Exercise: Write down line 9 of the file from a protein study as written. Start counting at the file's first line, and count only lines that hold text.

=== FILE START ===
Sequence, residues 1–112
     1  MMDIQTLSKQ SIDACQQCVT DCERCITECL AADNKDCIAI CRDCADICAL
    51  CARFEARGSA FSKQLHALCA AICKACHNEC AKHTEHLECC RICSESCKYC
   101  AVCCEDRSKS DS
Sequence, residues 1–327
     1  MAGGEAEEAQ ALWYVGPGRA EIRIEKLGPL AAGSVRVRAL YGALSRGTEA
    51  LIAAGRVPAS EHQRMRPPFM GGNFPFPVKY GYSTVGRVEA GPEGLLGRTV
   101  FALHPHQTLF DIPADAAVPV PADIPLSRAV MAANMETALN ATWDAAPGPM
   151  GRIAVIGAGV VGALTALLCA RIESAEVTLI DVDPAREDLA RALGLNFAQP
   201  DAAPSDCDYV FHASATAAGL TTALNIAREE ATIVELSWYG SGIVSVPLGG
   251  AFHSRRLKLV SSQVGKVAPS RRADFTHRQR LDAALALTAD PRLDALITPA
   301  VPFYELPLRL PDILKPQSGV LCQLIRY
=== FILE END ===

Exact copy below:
   151  GRIAVIGAGV VGALTALLCA RIESAEVTLI DVDPAREDLA RALGLNFAQP